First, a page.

Keegan-Michael Key has been extra active lately. He spent the past year running, jumping, squatting and even dodging bullets. Turns out it was all in a day’s work, as the actor and onetime Chicagaoan filmed his new sci-fi/action movie, “The Predator,” now in theaters. “I insisted on doing as many of my own stunts as they let me,” says Key.
“The Predator,” Shane Black’s sequel to the 1987 original, is just one part of the rebirth the Detroit native has been feeling lately. Some of it is work related, as he recently made his Broadway debut in Steve Martin’s play “Meteor Shower,” and is now voicing the hyena Kamari in Jon Favreau’s upcoming Disney animated feature “The Lion King.” Other parts are personal; this past spring, Key married producer Elisa Pugliese, whom he lives with in Tribeca.
Looking at his career so far, it’s obvious that Key is up for new adventures, and the biggest one of his career just might have been at Second City in Chicago. As a cast member at the venue’s e.t.c. stage from 2001 to 2005, the actor quickly became a critical favorite after being recruited from the comedy institution’s Detroit mainstage.
“I was thrilled. It was everything I wanted,” remembers Key. He describes a “great sense of joy” at being lured to Chicago. But shortly after he arrived, a life-changing event happened. “Three-quarters of our new show was finished and ready to go into previews. Everything was smooth and the world was lovely. But I woke up on a Tuesday to find out a plane had run into the World Trade Center.”
Key, director Joshua Funk, and the rest of the cast (which also featured notable comedians Jack McBrayer and TJ Jagodowski) had to pivot — fast. “We were America’s temple of satire. Now everything was in disarray and we clearly had to go in another direction,” says Key. “I remember the producer emeritus at the time, Joyce Sloane, saying this moment was worse than any other, even the Vietnam War or Kennedy assassination, for launching a show. But that we would figure it out.”
And they did. After cancelling a few performances, and spending the first night cleaning the theater in what Key calls “grief behavior,” they were able to reset. What came out of it was the retooled show “Holy War, Batman!” that not only launched Key as the next big thing, but cemented Second City as the ultimate place to find the funny, even during extreme heartache.
“I remember getting on the stage having flop sweat and thinking people would throw beer bottles at us,” says Key. But the opposite happened: the laughter was “cathartic.” Especially during a scene in which Key, who is biracial, played a Pakistani cabdriver overcompensating his love for America on an awkward ride with two Caucasian passengers.
Kelly Leonard, then Second City’s executive vice president, recalls Key as “a bolt of lightning onstage.” He also remembers how the actor opened up so much in a time of fear. “He is so out there but makes himself available for everyone. It’s rare you find someone that technically proficient and also so overwhelmingly kind,” says Leonard.
After Second City, Key became a household name performing on “Mad TV” with Jordan Peele, with whom he later teamed up with for five seasons of Comedy Central’s “Key & Peele.” The show earned a total of 15 Emmy nominations and won the 2016 Emmy Award for Outstanding Variety Sketch Series.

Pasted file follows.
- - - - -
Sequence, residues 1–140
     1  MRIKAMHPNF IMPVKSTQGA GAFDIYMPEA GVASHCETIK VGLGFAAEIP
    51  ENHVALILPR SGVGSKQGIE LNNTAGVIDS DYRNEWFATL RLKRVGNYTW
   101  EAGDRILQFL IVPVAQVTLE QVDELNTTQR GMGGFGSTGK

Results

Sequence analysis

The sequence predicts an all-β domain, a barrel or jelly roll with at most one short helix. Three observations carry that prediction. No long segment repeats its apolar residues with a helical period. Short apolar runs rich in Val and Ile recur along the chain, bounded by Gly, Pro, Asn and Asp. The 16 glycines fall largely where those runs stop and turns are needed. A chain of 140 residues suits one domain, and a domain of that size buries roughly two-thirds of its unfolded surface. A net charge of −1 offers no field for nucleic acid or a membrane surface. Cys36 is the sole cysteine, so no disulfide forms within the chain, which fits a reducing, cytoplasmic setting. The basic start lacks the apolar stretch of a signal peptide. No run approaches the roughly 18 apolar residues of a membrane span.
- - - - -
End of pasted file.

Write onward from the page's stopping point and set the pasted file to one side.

Working as an ensemble and getting continual feedback from friends and directors has helped Key refine his craft. “I prefer the collaborative process,” he says. “You won’t catch me being a standup or one-man show. It’s not my forte. If you’re in a vacuum you have to have unique confidence. All hail those people; Jordan Peele is one of them — he can sit back in solitary activity.”
Still, Key continues to surprise, especially when showing his serious side. While receiving his master of fine arts in theater from Pennsylvania State University, he studied and performed all the classics, including Ibsen and Molière. “I now have this desire for a homecoming,” he says. “It’s interesting because I have these hybrid projects surfacing.” One is “The Predator,” in which Key plays a PTSD-suffering veteran tasked with pursuing alien invaders. Another is the Netflix series “Friends From College,” which just wrapped its second season and features Key as a respected but financially struggling writer.
In the summer of 2017, Key portrayed Horatio in Sam Gold’s production of “Hamlet” at the Public Theater in New York. A surprise perhaps to those familiar with his comedic chops, but Key knew that side of him had always been ready to make itself known. “I’m at an interesting place. I’m looking for projects that bridge dramatically dark and broad comedy,” he says. “And we’re moving the ship in that direction.”
For Keegan-Michael Key, the years in which he lived here (2001 to 2005) felt like “another lifetime.” Yet the places he loved to hang out at are not only still standing — they’re local institutions.
Maggiano’s on Clark Street: A relaxed Italian spot with heaping plates of pasta and family-style sides.
516 N. Clark; Maggianos.com
Lou Malnati’s: It’s all about deep-dish pizza made extra cheesy — just the way Chicagoans like it.
Locations citywide; Loumalnatis.com
Touhy Park: Key used to walk his dog in this Rogers Park green space, located by his then-home near the Jarvis Red Line stop.
7348 N. Paulina; Chicagoparkdistrict.com
Grant Park: “It sounds touristy, but I love it,” says Key of the sprawling, fountain-studded park.
337 E. Randolph; Chicagoparkdistrict.com